Pediatric Hypernatremia Clinical Presentation

Updated: Dec 16, 2020
  • Author: Ewa Elenberg, MD, MEd; Chief Editor: Timothy E Corden, MD  more...
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Patients in certain situations or with certain conditions are at risk for hypernatremia, as follows:

  • Hospitalized patients who receive exclusive intravenous fluids

  • Patients with coma

  • Newborns

  • Toddlers

  • Patients with diabetes insipidus

  • Patients receiving alkali therapy

  • Patients with diarrhea

  • Patients with fever

  • Patients with renal disorders (eg, dysplasia, medullary cystic disease, polycystic kidney disease, tubulointerstitial disease)

  • Patients with obstructive uropathy

  • Patients with electrolyte disturbances (eg, hypokalemia, hypercalcemia)

  • Patients with heat stroke or excessive hypotonic fluid loss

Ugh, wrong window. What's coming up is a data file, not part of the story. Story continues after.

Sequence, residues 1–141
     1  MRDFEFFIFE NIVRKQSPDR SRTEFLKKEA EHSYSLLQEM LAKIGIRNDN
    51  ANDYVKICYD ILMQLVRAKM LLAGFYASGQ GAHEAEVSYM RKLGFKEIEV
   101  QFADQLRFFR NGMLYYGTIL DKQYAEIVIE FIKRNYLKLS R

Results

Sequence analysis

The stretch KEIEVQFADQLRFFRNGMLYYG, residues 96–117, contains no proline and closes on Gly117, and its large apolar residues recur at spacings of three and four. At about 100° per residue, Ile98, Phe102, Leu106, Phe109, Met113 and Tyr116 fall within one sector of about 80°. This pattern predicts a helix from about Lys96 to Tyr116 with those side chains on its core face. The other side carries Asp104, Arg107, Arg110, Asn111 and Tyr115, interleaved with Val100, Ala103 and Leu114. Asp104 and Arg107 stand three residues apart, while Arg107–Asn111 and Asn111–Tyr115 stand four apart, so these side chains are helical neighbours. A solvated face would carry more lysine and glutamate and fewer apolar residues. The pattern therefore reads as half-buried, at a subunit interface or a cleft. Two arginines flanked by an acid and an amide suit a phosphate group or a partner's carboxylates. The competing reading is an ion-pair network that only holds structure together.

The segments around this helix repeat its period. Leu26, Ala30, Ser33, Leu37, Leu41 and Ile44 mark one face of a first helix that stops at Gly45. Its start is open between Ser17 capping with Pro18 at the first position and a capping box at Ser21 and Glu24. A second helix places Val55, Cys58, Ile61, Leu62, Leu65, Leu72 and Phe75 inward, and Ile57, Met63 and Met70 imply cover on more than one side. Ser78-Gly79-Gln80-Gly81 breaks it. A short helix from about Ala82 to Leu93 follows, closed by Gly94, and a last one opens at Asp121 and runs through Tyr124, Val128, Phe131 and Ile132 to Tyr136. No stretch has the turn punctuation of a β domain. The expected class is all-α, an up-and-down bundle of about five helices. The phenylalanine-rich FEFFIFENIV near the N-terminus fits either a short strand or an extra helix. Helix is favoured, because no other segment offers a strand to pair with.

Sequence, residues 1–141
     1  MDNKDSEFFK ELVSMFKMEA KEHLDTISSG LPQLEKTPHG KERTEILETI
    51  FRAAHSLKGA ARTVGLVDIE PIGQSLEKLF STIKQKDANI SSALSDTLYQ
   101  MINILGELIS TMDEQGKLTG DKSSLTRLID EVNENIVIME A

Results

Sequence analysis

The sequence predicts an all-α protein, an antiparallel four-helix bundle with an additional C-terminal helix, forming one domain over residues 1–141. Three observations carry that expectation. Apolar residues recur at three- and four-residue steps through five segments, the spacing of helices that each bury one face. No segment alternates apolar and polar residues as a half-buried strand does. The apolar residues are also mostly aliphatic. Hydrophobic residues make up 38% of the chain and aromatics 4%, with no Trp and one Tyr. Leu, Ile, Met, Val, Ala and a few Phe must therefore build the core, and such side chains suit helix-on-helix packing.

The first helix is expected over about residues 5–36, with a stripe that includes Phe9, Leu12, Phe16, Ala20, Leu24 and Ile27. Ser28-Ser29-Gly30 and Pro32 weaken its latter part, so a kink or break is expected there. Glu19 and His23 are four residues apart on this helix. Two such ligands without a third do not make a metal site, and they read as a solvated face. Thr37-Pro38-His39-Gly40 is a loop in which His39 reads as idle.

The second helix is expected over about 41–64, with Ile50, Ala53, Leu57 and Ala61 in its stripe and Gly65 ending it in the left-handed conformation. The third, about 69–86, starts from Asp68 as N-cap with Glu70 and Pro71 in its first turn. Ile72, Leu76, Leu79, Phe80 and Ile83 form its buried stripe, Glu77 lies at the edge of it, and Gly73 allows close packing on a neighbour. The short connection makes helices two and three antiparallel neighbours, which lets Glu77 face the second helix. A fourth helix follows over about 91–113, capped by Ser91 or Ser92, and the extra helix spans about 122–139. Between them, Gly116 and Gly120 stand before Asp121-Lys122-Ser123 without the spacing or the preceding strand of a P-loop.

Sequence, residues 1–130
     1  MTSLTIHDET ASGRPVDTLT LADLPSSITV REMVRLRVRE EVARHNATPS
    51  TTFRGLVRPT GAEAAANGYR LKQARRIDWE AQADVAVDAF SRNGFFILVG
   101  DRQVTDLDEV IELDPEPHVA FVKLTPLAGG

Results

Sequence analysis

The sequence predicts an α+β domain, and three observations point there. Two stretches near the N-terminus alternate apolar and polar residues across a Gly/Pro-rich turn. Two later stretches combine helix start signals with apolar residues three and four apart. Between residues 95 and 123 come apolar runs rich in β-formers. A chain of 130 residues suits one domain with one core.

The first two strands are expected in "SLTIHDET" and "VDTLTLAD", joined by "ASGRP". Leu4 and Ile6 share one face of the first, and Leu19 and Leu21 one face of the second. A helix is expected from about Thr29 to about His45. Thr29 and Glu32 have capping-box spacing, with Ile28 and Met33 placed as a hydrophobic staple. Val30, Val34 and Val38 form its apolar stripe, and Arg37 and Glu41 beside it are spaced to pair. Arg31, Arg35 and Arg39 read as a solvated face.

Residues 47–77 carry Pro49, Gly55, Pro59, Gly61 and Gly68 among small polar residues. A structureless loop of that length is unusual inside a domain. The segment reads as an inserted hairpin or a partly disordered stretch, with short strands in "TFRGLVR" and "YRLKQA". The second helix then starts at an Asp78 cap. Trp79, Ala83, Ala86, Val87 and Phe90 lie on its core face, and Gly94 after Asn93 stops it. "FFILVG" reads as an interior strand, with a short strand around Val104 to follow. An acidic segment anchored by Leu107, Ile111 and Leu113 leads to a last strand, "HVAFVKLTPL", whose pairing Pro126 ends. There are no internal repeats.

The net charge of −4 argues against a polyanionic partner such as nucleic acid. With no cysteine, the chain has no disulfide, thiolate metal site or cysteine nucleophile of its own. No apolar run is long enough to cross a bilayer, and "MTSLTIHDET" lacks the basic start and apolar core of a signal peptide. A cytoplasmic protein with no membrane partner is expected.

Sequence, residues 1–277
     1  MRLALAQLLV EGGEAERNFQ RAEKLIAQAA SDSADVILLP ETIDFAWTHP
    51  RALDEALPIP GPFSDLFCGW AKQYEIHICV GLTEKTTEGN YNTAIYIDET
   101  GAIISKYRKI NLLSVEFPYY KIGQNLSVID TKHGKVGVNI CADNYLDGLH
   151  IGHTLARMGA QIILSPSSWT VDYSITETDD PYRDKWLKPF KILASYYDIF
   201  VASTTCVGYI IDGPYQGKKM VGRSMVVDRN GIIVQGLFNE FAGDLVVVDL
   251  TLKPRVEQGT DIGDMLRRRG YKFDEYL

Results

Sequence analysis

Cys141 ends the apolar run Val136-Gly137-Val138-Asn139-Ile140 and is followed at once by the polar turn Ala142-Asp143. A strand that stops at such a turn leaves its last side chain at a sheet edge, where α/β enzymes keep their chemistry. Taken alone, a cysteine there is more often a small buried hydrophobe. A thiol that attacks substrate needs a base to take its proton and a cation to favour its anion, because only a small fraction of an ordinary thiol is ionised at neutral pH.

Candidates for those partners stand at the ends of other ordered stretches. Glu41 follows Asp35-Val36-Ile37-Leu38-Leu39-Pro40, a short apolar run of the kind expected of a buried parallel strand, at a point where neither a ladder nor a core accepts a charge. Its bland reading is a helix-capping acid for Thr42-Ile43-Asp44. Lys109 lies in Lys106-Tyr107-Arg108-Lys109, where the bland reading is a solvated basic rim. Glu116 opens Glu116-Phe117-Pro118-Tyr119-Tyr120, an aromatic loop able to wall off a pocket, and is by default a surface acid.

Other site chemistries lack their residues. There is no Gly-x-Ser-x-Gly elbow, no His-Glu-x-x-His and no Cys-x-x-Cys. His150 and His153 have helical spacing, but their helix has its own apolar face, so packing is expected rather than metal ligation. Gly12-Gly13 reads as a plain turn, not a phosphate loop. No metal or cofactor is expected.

Signs and symptoms of hypernatremia include the following:

  • Irritability

  • High-pitched cry or wail

  • Periods of lethargy interspersed with periods of irritability

  • Altered sensorium

  • Seizures

  • Increased muscle tone

  • Fever

  • Rhabdomyolysis [8, 9]

  • Oligoanuria

  • Excessive diuresis


Physical Examination

Skin turgor is a physical finding in patients with hypernatremia. Extracellular and plasma volumes tend to be maintained in hypernatremic dehydration until dehydration is severe (ie, when the patient loses >10% of body weight).

When dehydration is severe, skin turgor is reduced, and the skin develops a characteristic doughy appearance.